New twist to landfill opposition may be
The fact that three of Houstonís major
television stations have now joined the fight to oppose the
Blue Ridge Landfill may put a different twist to the quest.
Letís face it the Texas agency that
governs such permits seems to have turned a deaf ear to the
pleas of residents who complained of the stench, the
lowering property values and perhaps a health threat from
leakage of various substances that arenít the best to inhale
Fort Bend County and Missouri City
government officials were kind of between a rock and a hard
place in offering any support to residents. They had earlier
joined in an agreement not to oppose any future expansion
plans of the trash giant. In return the two entities get
tipping fees based on the amount of garbage at the facility.
While some residents feel the fees are nothing more than a
legal bribe, they are being used to help that area. Now
whether or not the choice of where to put the money and for
what purpose is a whole new chapter.
Anyhow, with three TV stations and a
really successful environmental attorney bringing up not
only the health and well being of the residents in the
sparsely populated area, but the well-being of citizens
throughout the Gulf Coast, the scale may have tipped in
favor of the grass-roots group. After all, there is not a
one of us who wants to go back 40 years and have no advance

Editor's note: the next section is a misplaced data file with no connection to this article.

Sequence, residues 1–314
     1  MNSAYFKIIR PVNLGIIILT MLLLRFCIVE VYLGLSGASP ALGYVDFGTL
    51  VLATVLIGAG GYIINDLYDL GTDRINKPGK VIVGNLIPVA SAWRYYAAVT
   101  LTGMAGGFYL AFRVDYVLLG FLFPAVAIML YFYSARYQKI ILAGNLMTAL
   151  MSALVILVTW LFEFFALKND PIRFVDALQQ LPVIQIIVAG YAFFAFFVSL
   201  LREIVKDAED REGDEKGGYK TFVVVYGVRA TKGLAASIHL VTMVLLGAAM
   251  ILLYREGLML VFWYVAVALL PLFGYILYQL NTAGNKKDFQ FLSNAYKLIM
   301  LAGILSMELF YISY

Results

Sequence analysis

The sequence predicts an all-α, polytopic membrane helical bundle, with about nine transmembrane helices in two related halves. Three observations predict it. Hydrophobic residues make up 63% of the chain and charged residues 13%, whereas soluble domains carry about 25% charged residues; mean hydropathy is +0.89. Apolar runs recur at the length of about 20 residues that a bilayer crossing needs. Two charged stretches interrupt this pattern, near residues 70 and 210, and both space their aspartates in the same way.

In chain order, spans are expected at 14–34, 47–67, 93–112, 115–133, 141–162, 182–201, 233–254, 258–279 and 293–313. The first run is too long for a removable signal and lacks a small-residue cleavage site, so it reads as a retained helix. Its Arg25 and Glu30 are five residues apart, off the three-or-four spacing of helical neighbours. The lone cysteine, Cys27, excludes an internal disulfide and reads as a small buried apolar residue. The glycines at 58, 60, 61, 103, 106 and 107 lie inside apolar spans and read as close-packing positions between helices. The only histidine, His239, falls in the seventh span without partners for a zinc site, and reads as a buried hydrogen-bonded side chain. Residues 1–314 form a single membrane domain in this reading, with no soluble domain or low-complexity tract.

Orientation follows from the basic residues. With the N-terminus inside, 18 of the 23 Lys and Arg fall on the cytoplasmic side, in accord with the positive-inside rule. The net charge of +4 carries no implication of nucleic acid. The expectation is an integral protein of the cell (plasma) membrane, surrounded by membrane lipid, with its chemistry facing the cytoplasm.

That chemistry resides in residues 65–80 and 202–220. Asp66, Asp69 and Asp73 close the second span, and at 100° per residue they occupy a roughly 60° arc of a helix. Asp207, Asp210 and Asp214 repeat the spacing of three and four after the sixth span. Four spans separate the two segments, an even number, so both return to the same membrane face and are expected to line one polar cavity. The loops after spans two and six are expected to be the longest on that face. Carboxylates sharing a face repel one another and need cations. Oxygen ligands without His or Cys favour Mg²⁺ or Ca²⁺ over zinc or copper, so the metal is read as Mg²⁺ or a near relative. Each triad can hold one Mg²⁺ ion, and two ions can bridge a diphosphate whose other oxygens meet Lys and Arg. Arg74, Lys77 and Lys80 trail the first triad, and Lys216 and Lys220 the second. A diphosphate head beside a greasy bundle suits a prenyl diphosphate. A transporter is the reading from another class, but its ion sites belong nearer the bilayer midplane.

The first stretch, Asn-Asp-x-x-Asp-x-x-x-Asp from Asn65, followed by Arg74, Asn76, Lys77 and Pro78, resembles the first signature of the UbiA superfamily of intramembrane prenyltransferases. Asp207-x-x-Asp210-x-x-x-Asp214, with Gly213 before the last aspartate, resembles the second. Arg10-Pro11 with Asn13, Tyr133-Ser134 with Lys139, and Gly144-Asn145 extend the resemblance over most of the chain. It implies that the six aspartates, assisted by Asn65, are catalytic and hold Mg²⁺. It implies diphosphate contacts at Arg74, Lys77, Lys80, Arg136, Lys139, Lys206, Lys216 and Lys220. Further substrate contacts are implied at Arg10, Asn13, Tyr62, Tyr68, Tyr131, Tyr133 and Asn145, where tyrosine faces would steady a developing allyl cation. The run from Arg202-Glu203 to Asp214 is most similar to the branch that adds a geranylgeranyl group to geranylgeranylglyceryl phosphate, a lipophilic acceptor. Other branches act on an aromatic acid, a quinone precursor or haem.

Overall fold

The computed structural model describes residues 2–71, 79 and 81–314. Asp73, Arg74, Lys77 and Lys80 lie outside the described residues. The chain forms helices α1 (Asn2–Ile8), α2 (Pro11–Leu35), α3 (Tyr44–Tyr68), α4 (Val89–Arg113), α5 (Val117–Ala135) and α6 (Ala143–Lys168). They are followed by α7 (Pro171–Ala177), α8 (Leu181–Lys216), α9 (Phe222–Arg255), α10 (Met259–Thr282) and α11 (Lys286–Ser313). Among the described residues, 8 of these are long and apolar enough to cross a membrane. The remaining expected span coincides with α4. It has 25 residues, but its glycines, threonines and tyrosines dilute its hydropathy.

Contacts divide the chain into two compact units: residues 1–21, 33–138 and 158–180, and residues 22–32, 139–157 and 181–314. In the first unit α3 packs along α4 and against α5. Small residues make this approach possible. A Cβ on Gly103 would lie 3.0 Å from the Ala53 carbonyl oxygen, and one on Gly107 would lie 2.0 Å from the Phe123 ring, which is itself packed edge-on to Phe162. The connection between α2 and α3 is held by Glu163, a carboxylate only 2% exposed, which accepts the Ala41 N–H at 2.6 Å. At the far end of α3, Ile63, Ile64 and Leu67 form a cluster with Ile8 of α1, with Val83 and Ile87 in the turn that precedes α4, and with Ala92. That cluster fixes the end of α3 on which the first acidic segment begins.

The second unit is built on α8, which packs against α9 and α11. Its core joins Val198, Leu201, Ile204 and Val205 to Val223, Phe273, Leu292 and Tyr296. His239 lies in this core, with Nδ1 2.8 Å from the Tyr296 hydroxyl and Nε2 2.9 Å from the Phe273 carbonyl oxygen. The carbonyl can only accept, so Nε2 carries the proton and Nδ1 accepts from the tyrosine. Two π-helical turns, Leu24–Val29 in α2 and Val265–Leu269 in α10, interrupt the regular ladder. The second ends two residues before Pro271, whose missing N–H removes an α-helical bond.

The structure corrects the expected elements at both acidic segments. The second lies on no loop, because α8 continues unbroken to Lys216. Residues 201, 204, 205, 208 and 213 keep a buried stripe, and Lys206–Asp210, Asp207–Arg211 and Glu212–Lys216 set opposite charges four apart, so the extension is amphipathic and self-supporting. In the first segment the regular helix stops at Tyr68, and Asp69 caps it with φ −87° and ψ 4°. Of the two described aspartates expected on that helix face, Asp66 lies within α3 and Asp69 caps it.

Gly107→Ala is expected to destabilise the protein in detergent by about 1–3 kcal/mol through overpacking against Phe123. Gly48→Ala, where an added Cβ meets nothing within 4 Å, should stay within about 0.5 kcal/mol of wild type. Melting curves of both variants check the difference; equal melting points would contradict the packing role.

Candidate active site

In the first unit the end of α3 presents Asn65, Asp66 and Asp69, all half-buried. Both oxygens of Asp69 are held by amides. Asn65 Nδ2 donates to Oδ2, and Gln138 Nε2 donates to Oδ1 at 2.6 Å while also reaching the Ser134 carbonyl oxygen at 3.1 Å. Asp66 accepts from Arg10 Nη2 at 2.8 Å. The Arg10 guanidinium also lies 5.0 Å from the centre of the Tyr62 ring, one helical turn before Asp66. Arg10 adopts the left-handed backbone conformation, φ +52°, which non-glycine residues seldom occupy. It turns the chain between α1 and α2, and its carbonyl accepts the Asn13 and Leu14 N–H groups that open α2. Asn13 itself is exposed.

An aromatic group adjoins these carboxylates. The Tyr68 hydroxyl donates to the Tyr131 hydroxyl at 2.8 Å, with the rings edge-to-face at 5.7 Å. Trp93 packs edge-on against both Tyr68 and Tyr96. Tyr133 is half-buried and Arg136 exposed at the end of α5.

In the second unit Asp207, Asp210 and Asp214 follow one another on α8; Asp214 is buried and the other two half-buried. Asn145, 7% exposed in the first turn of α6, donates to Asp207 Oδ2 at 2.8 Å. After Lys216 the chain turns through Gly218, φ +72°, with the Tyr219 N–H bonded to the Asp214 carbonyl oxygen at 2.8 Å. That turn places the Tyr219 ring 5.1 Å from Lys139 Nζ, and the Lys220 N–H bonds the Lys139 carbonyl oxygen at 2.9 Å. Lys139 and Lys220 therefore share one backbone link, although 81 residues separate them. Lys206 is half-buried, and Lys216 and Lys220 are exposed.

warning on hurricanes that may threaten the coast. Nor do we
want to sit in the dark with our battery operated TV
wondering if that noise from the thunderstorm is just really
serious thunder or an approaching tornado.
The trash dump is going to be higher than
the Doppler radar and that, my friends, is a serious
situation for this area. It is so serious it may even get
the attention of the state officials. Perhaps Gov. Rick
Perry can pull himself from his confidential dossiers long
enough to run over to the Emergency Management Office and
take a look at what would happen if this state didnít have
early warning systems in place. Not a pretty picture.
I held out little hope for the grass
roots movement, though commendable, would have the end they
wanted. Now, I just donít know ... but the chances are a lot
better than they were a week ago.
What dufus did that?
Every time I look at plans for the new
jail tower and listen to all the costly changes that will be
necessary to make the older facility user friendly and curse
free, I canít help but wonder what dufus designed that first
tower. OKóletís put a bunch of inmates on the top story in
rain, sleet and snow or typical coastal heat and humidity
and letís just put in screen windows and open air
ventilation and let Ďem go. Duhódidnít anyone realize that
sounds would carry? Small wonder the inmates are cursing
loudlyóafter all how calm can you be when the temp is, say,
96 degrees and youíve been running up and down a concrete
floor chasing a basketball?
I donít know which of the last few
sheriffs played a part in this but I can say whichever one
played a primary role in suggestions for this design was
indeed a dufus.
Sad thing is that we, the taxpayers, are
always having to come up with a ďdufus taxĒ which in this
case is about $1.5 million. Too bad we canít bill public
officials for such costs.